We hadn’t been back from living in London, England and was already getting the travel itch. While living in Europe we took advantage of how easy it was to travel around to continent. We decided to go south…as neither of us had never been to any South American countries before and Peru sounded like it had everything we wanted to explore. The food, people, culture and history of the country are so amazingly rich that we could have spent much longer than the 2 weeks we were there and only scratched the surface.
Starting off in Lima for a couple days to understand the city a little and explore what it has to offer was a great way to ease into the country. It’s a massive city with a mix of Incan and colonial and modern all over the place. It’s right on the ocean so the climate is temperate and maybe even colder than most would expect. We had some amazing Incan food options as well as ceviche that I could have eaten every day.
From there we traveled to Arequipa, we read that we should start off at a lower altitude and work our way up where we could acclimate to those high altitudes of Machu Pichcu and be ok with the thin oxygen. I loved Arequipa, the city is filled with some of the nicest people I’ve ever met. We visited the central market and tried many of the local foods, beverages and treats. There are huge churches and the central town square where the locals all gather nightly to stroll and visit with each other. There are also Incan ruins nearby that make for a great day trip.
After a couple days in Arequipa we went to Colca Canyon to spend the night and get an early start to see the condors! You must get up early as they fly only in the mornings when the winds and temperatures are ideal for their soaring. There are lots of tourist that go to this canyon but there’s plenty of room to not feel crowded. Also, the trip out and back are amazing! Colca Lodge is highly recommended for this part of the trip.
Next stop was Cusco. Here you’re starting to really feel the effects of the higher altitude. You’re at 11,152 feet above sea level. To help with the change in altitude the locals realized that cocoa leaves fight altitude sickness. I personally didn’t have too many problems with the air, some complained. If you don’t over exert yourself, you should be fine.
Cusco is amazing! There are so many sites in Cusco to keep you busy for days with all it’s ruins, the Sacred Valley, Inca ruins and even some Spanish Colonial sites. Just north of Cusco is the area where you can experience sleeping in a glass pod on the side of a mountain. We didn’t but opted for the climb and zipline experience instead. Another adventure I highly recommend as the sites from the climb are so impressive.
To get to Machu Picchu you need to start your journey at Ollantaytambo, from there you can take a train, which we did to Aguas Calientes or you could do the 3-day hike on the Inca Trail. We went the easy route. Olly, short for Ollantaytambo, has a few basic hotels and several restaurants. There are some Incan sites near the town worth seeing the day before you take the train up.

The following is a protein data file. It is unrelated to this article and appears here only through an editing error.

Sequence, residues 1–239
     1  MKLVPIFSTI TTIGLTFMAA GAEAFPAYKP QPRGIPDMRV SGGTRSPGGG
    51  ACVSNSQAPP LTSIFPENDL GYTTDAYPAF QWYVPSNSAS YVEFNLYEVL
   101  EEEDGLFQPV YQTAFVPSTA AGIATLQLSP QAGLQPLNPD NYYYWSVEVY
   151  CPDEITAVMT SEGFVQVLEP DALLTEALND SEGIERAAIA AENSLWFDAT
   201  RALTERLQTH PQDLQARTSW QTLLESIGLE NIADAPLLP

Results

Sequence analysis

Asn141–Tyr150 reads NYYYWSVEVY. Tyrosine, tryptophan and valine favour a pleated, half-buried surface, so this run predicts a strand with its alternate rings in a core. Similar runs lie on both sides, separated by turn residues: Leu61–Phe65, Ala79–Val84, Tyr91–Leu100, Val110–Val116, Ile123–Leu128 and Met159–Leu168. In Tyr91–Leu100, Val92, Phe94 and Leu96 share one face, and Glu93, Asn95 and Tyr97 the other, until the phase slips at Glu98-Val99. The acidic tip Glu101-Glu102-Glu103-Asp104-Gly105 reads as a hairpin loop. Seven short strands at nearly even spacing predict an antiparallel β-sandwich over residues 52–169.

Aguas Calientes is at the base of Machu Picchu that provides you with a place to stay and eat before going up to visit the ruins. The accommodations vary from a really nice hotel with a river view to basic hostel type sleeping arrangements. The town has everything you need to get food, enjoy a nice place to eat and lots of souvenir shopping. If you haven’t already arranged transportation up and back, there are several companies that you can sign up with for the ride.
Machu Picchu is one of those ‘pinch me! I’m REALLY here!’ moments. You must get your pass into the park in advance as they only allow so many people in per day to control the crowds. We purchased ours online 6 months in advance. It’s not expensive and since we had planned to stay overnight after the train ride up we bought a 2 day pass. There is also a nice restaurant up at the entrance to the park attached to a super luxury hotel there, where you’re ‘in’ the park and get special access to it. Once inside the park you can walk around for hours and explore all you want. You can go up to the Sun Gate which is the royal entrance to the park and where the hikers come in. This provides you with an incredible view over the ruins. The opposite side of the park has Huayna Picchu, which is that large peak in every picture you see. There you can climb up it on a very narrow path that is often wet from the rains and can be muddy. We didn’t brave it, but we did walk up to the Sun Gate.
If you want to know more about our trip to Peru and the places we visited, please, I’d love to hear from you!